Occlusion on Implants

-E-  OCCLUSION PROCEDURES ON IMPLANTS

Depending of the clinical case and the implant line, some prosthetic procedures are identical to those of natural teeth (like intermaxillary relationship, vertical dimension, impression), some need an adaptation (like occlusal static and dynamic balancing, impression…), others are different (like management of implant componentry…).
Implant systems protocols, range from very easy and simple to the most complex, with a lot of prosthetic components, without any relation with the quality grade of the results.
Privilege simplicity, it’s rapid more efficient and less expensive…

46 IMPL EQUIL

 

 

 

 

 

 

 

Fig. E7 Aesthetic and well balanced implant restoration, on a first mandible molar, with an occlusal face similar to a natural tooth

Immediate placement of a full arcade provisional restoration on implants. Initial  balancing is limited to obtain immediately after the placement, a maximum of simultaneous contacts, in maximum occlusion, which must be well distributed on the arcade with the same intensity. To do more, is difficult, because the patient is still on the dental chair from almost 4 hours. The patient is asked to eat soft food during 2 or 3 weeks. Later on the final prosthesis, occlusion should be balanced during chewing function and swallowing.

Fig. E8: On extended immediate prosthesis, the occlusal balancing can be improved, in the next appointments. The steps of the protocol to be followed for the final restoration are summarized above. It must be followed in this order.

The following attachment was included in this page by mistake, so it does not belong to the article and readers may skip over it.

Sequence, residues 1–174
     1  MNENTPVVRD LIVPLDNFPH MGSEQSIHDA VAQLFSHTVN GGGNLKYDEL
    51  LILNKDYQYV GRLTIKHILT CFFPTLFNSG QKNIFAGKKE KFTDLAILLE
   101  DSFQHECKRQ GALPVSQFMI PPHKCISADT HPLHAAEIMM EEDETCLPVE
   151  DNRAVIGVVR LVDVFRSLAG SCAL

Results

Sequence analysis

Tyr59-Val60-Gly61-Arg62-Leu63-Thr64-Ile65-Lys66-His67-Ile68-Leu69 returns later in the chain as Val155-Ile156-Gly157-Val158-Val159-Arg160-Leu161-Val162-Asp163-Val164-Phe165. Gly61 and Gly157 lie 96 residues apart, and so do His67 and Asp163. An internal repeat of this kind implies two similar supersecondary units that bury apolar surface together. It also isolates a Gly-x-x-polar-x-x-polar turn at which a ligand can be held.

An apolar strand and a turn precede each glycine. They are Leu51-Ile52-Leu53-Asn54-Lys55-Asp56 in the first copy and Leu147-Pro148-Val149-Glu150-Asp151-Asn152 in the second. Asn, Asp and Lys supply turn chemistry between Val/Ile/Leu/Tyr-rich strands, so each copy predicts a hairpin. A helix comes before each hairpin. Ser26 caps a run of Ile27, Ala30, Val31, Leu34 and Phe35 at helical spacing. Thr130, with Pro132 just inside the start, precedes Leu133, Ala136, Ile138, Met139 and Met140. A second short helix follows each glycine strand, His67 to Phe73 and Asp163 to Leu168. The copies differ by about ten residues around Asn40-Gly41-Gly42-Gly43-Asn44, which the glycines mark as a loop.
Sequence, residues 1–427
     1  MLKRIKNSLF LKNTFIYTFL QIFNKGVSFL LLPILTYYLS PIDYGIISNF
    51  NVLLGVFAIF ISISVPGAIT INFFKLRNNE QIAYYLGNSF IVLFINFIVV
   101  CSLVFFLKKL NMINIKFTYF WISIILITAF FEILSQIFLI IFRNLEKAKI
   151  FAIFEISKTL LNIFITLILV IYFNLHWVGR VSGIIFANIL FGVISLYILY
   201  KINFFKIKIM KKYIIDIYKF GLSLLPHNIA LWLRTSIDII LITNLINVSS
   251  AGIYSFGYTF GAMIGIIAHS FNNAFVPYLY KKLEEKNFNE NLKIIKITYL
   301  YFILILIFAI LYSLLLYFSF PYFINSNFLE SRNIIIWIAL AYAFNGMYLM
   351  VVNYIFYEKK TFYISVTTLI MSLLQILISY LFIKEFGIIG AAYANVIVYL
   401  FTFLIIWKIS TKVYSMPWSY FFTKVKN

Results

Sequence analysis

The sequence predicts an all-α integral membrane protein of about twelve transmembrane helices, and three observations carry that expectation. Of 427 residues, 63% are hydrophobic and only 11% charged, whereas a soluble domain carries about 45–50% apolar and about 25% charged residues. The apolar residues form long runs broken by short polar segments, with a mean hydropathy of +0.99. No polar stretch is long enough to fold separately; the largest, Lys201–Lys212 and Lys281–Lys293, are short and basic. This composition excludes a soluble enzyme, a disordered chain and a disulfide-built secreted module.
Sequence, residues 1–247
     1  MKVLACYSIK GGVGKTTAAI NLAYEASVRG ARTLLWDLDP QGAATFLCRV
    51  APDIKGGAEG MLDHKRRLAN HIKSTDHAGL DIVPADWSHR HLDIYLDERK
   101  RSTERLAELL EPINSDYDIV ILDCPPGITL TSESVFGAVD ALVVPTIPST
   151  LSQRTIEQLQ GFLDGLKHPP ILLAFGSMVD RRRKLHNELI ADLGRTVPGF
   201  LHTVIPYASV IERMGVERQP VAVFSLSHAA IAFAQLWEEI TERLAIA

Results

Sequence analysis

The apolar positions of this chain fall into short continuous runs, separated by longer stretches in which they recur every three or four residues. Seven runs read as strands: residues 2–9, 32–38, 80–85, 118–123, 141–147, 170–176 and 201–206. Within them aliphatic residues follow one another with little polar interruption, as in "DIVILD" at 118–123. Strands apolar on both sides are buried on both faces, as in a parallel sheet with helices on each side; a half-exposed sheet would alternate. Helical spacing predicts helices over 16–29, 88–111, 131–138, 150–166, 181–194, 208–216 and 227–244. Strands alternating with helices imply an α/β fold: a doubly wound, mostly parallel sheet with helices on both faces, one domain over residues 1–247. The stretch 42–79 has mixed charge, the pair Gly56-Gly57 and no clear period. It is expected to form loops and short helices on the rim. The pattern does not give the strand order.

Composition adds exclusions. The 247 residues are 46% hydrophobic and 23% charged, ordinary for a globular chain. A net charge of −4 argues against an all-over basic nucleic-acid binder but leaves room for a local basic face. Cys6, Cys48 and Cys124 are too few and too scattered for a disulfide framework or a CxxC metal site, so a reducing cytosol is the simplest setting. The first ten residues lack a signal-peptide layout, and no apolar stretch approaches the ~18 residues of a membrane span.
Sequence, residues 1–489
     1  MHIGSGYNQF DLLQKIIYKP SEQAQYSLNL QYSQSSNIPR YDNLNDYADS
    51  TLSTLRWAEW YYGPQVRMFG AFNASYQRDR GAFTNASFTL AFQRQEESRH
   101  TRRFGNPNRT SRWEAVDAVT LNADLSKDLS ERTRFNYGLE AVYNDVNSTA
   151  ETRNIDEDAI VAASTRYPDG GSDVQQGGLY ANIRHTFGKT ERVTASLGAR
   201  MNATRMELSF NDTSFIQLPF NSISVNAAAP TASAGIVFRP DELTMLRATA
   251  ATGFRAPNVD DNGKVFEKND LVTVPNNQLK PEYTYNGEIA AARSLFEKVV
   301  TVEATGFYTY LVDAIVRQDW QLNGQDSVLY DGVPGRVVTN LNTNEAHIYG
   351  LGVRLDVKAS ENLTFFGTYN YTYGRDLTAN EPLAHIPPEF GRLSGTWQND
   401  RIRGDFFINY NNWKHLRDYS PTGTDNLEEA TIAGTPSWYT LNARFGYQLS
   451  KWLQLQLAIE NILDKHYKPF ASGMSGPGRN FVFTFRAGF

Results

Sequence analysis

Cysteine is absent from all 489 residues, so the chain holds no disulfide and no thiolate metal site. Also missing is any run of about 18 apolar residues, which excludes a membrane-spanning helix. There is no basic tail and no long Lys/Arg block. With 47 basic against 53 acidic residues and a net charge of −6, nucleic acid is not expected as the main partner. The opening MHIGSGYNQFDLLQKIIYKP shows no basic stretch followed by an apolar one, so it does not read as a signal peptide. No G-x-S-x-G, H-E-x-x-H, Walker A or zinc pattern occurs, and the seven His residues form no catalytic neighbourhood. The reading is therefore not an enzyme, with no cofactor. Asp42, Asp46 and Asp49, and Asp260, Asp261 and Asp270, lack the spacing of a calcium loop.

Occlusal management of the final prosthesis begin by the choice of the vertical dimension and the recording of the intermaxilla relationship, using anterior jig in addition to optimal position of the tongue. Because our natural closure position is maximum occlusion during swallowing, which occurs more than 1000 times a day. That position is a support to realize oesophagus peristaltic movement which transfer bolus toward stomach.

Fig. E9: After an approximate approach and tests on the provisional prosthesis, the final choice of the vertical dimension is done on the framework. The procedure takes into account: tongue position, phonetic  and swallowing tests, in addition to facial aesthetic and morphologic classical criteria.  A deprogramming jig realized on the framework, is progressively  adapted in height to the retained VD, before recording the VD relationship in swallowing posture.

For a fixed restoration, the recording of intermaxilla relationship obey to a very acute protocol. It must be taken preferably with a Moyco® wax heated-up in warm water to reach the consistency of softened butter. The patient must close without any resistance in the wax and without any occlusal pressure of the elevator muscles, to obtain the exact mandible position. If there is a resistance of the recording material, too hard, the prosthesis will be in posterior overcontacts. If the closure is realized with muscular pressure, the prosthesis will be in posterior infracontacts.

Fig. E10: A silicon occlusion material can also be utilized for the record. But these impression materials are very acute, if you have residual small bubbles, on the opposite model, the recording material won’t find its proper position on the model.